When using a dynamic parent, pay attention to the dispersion of ranges.
When you find a set of ranges that is dispersed how you like with your configuration, set your fixed parent value to the parent seed that shows in the info panel.
This will allow you to replicate that dispersion behavior again in the future.
An important thing to note when settings alerts on the plotted levels, or using them as components for signals in other scripts, is to decide on a fixed value for your parent seed to avoid minor repainting due to seed changes.
When the parent seed is fixed, no repainting occurs.
The "Amplitude Settings" section controls the amplitude coefficients for the three differently tailed generators.
These amplitude factors will change the difference series output for each simulation by controlling how aggressively each series moves.
When "Adjust Amplitude Coefficients" is disabled, all three coefficients are set to 1.
Note that if you expect to significantly diverge from its historical values over the forecast interval, try experimenting with these factors to match your anticipation.
The "Weighting Settings" section controls the weighting boundaries for the three generators.
These weighting limits affect how tailed the distributions in each generator are, which in turn affects the final series outputs.
The maximum absolute value range for the weights is . When "Limit Generator Weights" is disabled, this is the range that is automatically used.
The last set of inputs is the "Display Settings", where you can control the visual outputs.
From here, you can select to display either "Forecast" or "Difference Comparison" via the "Output Display Type" dropdown tab.
"Forecast" is the type displayed by default. This plots the end result or developing forecast ranges.
There is an option with this display type to show the developing extremes of the simulations. This option is enabled by default.
There's also an option with this display type to show one of the simulated price series from the set alongside actual prices.
This allows you to visually compare simulated prices alongside the real prices.
"Difference Comparison" allows you to visually compare a synthetic difference series from the set alongside the actual difference series.
This display method is primarily useful for visually tuning the amplitude and weighting settings of the generators.
There are also info panel settings on the bottom, which allow you to control size, colors, and date format for the panel.
It's all pretty simple to use once you get the hang of it. So play around with the settings and see what kinds of forecasts you can generate!
ADDITIONAL NOTES & DISCLAIMERS
Although I've done a number of things within this script to keep runtime demands as low as possible, the fact remains that this script is fairly computationally heavy.
Because of this, you may get random timeouts when using this script.
This could be due to either random drops in available runtime on the server, using too many simulations, or running the simulations over too many bars.
If it's just a random drop in runtime on the server, hide and unhide the script, re-add it to the chart, or simply refresh the page.
If the timeout persists after trying this, then you'll need to adjust your settings to a less demanding configuration.
Please note that no specific claims are being made in regards to this script's predictive accuracy.
It must be understood that this model is based on randomized price generation with assumed constant drift and dispersion from historical data before the starting point.
Models like these not consider the real world factors that may influence price movement (economic changes, , macro-trends, instrument hype, etc.), nor the changes in sample distribution that may occur.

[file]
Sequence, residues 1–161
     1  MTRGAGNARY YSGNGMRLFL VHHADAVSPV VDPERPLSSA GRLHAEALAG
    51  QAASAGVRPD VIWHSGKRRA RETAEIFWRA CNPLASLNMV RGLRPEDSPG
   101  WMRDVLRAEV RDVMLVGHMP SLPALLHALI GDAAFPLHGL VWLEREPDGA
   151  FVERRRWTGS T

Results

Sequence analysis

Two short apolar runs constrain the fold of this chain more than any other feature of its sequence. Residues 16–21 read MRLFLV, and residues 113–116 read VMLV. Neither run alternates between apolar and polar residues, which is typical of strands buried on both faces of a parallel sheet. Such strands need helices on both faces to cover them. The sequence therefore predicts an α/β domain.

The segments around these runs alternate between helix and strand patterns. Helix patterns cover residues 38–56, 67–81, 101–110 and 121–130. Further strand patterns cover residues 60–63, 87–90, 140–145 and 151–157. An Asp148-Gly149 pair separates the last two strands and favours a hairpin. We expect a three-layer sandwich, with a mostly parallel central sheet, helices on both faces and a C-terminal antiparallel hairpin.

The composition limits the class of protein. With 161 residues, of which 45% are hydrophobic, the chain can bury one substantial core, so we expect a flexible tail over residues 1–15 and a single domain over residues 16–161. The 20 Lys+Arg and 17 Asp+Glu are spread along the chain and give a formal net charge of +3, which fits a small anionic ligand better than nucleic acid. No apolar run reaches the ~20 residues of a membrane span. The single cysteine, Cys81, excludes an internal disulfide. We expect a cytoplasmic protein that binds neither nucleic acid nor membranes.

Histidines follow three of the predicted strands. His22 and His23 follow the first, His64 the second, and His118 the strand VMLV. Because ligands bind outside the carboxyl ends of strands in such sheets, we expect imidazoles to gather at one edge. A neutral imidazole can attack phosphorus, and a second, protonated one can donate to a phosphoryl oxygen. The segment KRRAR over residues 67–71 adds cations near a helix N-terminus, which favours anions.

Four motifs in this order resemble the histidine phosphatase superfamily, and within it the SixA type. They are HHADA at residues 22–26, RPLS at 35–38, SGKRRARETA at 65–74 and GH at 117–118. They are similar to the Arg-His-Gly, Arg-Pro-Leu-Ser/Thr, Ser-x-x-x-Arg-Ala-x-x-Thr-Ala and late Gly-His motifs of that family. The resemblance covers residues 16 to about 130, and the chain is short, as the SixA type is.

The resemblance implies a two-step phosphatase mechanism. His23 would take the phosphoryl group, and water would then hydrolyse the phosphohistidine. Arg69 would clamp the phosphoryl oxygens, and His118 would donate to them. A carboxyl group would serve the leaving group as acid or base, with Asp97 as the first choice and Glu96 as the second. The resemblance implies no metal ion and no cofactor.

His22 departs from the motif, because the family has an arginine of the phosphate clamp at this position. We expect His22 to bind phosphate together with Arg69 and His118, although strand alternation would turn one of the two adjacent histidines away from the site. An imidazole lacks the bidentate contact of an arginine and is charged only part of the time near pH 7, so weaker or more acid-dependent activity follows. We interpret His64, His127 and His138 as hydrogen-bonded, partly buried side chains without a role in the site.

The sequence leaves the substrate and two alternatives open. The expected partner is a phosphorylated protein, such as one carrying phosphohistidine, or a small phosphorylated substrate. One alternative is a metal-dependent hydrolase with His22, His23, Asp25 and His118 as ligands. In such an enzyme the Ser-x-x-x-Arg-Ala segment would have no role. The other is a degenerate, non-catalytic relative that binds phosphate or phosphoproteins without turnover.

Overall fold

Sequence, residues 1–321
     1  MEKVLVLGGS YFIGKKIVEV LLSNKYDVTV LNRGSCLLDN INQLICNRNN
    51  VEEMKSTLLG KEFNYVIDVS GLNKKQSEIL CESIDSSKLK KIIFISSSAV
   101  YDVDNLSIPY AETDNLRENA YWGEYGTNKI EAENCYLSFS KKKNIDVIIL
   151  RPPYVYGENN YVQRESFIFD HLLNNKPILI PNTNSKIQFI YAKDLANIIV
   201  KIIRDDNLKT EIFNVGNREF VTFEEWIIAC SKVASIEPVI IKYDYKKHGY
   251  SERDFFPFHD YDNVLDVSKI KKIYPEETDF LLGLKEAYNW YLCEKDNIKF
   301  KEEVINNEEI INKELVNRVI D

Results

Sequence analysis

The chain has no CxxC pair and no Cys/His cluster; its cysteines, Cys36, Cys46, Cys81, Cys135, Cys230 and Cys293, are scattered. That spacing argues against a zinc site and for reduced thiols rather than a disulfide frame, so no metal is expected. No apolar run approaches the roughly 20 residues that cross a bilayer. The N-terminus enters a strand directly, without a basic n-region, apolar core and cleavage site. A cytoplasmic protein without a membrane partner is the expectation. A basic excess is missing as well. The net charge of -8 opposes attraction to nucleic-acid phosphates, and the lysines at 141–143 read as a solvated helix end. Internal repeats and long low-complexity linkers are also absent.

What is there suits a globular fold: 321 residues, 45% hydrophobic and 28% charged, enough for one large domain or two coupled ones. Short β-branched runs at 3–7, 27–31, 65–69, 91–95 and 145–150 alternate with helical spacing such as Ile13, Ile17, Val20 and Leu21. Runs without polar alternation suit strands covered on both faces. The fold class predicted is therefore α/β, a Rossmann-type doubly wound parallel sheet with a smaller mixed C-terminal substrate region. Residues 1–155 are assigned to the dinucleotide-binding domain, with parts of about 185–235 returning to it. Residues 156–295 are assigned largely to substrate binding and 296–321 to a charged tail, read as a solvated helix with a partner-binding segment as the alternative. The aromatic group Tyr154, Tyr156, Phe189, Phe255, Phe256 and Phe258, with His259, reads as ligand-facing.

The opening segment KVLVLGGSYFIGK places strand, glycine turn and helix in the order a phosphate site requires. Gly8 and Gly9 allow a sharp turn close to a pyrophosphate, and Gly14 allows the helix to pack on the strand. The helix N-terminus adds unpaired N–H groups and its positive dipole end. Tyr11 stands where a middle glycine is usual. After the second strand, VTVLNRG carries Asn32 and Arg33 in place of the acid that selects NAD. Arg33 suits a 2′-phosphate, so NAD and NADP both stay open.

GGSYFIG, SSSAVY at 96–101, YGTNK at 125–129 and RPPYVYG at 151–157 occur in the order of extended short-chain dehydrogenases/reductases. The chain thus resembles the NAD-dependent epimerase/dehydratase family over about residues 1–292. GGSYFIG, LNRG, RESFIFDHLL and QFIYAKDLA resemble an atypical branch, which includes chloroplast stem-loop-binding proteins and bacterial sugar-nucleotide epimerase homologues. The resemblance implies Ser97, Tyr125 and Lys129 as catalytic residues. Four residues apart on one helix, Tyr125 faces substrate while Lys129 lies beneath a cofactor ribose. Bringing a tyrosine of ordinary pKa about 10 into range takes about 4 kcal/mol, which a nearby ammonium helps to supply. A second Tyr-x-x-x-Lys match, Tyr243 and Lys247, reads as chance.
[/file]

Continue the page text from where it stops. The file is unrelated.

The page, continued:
In light of this, it's perfectly possible for price data to exceed even the most extreme simulated outcomes.
The future is uncertain, and becomes increasingly uncertain with each passing point in time.
Predictive models of any type can vary significantly in performance at any point in time, and nobody can guarantee any specific type of future performance.
When using forecasts in making decisions, DO NOT treat them as any form of guarantee that values will fall within the predicted range.
When basing your trading decisions on any trading methodology or utility, predictive or not, you do so at your own risk.
No guarantee is being issued regarding the accuracy of this forecast model.
Forecasting is very far from an exact science, and the results from any forecast are designed to be interpreted as potential outcomes rather than anything concrete .
With that being said, when applied prudently and treated as "general case scenarios", forecast models like these may very well be potentially beneficial tools to have in the arsenal.
- Updated the inverse error function approximation. The previous truncated Maclaurin Series based approximation was a bit too crude for my liking.
It's now based on inverting a close approximation of the error function. This method has much less estimation error, and significantly more tail preservation.
Fortunately, this approximation method doesn't make a significantly larger dent in runtime consumption, so you should still be able to enjoy the forecast configurations you had in the previous version.
- Added a price tracking field to the bottom of the info panel.
When there are bars remaining in the forecast, the panel will say, "Current Price = xxx," where xxx is the real time current price value.
When the forecast interval is completed, the panel will say, "Final Price = xxx," where xxx is the final price on the last bar of the forecast interval.
Please note that once you load your chart with this updated version, it will replace the previous version and override your previous settings if you have it on the chart already.
So, be sure to either re-add the script to your chart, or reconfigure your forecast settings.
Reach out on Telegram:
In true TradingView spirit, the author of this script has published it open-source, so traders can understand and verify it. Cheers to the author! You may use it for free, but reuse of this code in a publication is governed by House Rules. You can favorite it to use it on a chart.